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Rheology of Cementitious Materials.

pdf icon Rheology of Cementitious Materials. (832 K)
Flatt, R. J.; Martys, N. S.; Bergstrom, L.

Materials Research Society (MRS Bulletin), Vol. 29, No. 5, 314-318, May 2004.


cements; rheology; concretes; colloids; superplasticizers; polymers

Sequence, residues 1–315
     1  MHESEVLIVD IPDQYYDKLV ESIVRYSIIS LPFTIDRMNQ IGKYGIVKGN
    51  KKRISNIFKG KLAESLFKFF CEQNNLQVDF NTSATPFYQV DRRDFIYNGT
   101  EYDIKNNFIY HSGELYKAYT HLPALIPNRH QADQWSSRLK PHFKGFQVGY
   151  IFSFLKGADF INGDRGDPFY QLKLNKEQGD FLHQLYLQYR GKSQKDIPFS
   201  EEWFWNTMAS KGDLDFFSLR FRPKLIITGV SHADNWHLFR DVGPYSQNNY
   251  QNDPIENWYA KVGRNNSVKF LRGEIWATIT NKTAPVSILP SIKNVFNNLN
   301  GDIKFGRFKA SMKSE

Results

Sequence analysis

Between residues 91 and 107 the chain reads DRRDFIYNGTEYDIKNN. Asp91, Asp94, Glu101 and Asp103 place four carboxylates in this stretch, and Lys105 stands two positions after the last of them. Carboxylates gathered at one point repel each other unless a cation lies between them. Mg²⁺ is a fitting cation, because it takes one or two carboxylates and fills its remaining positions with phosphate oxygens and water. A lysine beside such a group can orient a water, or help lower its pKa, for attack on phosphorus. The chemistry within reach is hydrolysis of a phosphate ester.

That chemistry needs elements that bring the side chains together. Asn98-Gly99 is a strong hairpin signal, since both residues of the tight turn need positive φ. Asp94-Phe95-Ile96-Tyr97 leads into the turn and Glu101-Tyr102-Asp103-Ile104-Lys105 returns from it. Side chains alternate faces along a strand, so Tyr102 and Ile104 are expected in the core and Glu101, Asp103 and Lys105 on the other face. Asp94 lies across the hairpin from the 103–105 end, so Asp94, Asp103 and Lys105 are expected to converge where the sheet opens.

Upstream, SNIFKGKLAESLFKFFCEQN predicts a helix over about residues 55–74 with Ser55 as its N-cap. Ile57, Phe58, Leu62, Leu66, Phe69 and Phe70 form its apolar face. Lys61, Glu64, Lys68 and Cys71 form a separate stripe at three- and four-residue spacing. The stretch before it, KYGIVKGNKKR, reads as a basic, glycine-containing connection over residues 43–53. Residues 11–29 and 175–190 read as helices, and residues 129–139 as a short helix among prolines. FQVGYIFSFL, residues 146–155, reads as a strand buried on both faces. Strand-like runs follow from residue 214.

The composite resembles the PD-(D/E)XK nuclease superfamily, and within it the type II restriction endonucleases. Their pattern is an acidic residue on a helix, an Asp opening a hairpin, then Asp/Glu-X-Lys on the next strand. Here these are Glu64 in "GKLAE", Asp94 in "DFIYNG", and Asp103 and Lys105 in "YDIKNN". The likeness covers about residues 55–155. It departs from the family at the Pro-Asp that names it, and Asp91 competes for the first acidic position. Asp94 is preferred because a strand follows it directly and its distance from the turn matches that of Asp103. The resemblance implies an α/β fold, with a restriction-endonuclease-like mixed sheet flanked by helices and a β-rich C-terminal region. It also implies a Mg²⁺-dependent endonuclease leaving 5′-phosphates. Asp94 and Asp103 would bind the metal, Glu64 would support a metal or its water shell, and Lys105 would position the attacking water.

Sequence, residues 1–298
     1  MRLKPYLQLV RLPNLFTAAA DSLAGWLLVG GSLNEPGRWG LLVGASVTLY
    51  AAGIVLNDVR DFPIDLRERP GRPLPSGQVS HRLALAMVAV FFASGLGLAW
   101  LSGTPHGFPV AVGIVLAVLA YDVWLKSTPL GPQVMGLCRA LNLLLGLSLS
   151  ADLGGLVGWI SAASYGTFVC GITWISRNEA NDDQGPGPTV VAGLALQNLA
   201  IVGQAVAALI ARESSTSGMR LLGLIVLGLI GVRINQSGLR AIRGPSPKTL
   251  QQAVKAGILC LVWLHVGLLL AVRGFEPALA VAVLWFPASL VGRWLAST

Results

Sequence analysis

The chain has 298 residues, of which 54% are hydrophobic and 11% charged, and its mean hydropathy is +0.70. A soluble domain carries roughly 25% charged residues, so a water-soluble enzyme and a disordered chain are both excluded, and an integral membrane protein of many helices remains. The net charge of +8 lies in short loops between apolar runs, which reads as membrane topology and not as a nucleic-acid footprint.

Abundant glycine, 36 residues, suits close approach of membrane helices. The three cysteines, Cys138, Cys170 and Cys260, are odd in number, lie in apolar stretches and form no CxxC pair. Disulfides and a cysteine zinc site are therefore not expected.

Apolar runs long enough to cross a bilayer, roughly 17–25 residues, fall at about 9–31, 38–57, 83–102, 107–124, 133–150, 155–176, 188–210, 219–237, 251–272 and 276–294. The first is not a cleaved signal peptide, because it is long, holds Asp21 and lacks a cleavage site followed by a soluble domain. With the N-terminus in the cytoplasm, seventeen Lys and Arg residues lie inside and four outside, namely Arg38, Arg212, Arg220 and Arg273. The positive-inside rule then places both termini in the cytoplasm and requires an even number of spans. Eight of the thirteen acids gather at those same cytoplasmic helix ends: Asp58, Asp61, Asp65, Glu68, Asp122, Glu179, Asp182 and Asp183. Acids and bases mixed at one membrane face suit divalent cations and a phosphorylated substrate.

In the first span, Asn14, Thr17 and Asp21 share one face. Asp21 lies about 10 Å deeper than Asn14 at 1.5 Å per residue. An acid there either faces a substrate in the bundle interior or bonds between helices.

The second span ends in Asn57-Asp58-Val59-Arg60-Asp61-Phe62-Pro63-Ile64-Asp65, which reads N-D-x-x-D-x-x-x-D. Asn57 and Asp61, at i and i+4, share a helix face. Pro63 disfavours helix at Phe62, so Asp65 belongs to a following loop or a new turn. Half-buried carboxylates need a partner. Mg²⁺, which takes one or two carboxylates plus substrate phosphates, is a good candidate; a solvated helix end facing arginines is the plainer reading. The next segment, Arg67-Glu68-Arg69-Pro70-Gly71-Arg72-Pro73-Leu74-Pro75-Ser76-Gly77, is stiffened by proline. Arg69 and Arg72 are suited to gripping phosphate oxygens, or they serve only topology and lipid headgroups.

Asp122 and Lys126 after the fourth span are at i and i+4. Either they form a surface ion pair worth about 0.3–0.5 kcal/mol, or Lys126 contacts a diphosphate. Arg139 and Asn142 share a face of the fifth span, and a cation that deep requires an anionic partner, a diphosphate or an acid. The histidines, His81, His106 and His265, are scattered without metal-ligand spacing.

The introduction of a new generation of dispersants in concrete allow this material to exhibit self-compacting properties in its fresh state and high durability and mechanical strength in its hardened state. These properties translate into many practical advantages for the construction field.Two of the most important are reducing the ecological impact of this sector of industry and reducing the labor-intensive work associated with placing ordinary concrete by vibration. In this article, it will be shown that knowledge of colloidal science has proven essential in the development of this new generation of dispersants for concrete. Indeed, the polymer molecules used in these dispersants are specifically designed to induce steric repulsion between cement particles, reducing their agglomeration and allowing high workability of fresh concrete prior to setting. While the linkage between interparticle forces and the rheological behavior of cement pastes is still only semiquantitative, recent advances in the modeling of concrete rheology show very promising results in terms of handling aggregates with a wide distribution of particle sizes and shapes. However, accurate modeling requires reliable input on the interaction of the dispersant with the hydrating cement at the molecular level, which is identified as a future research challenge.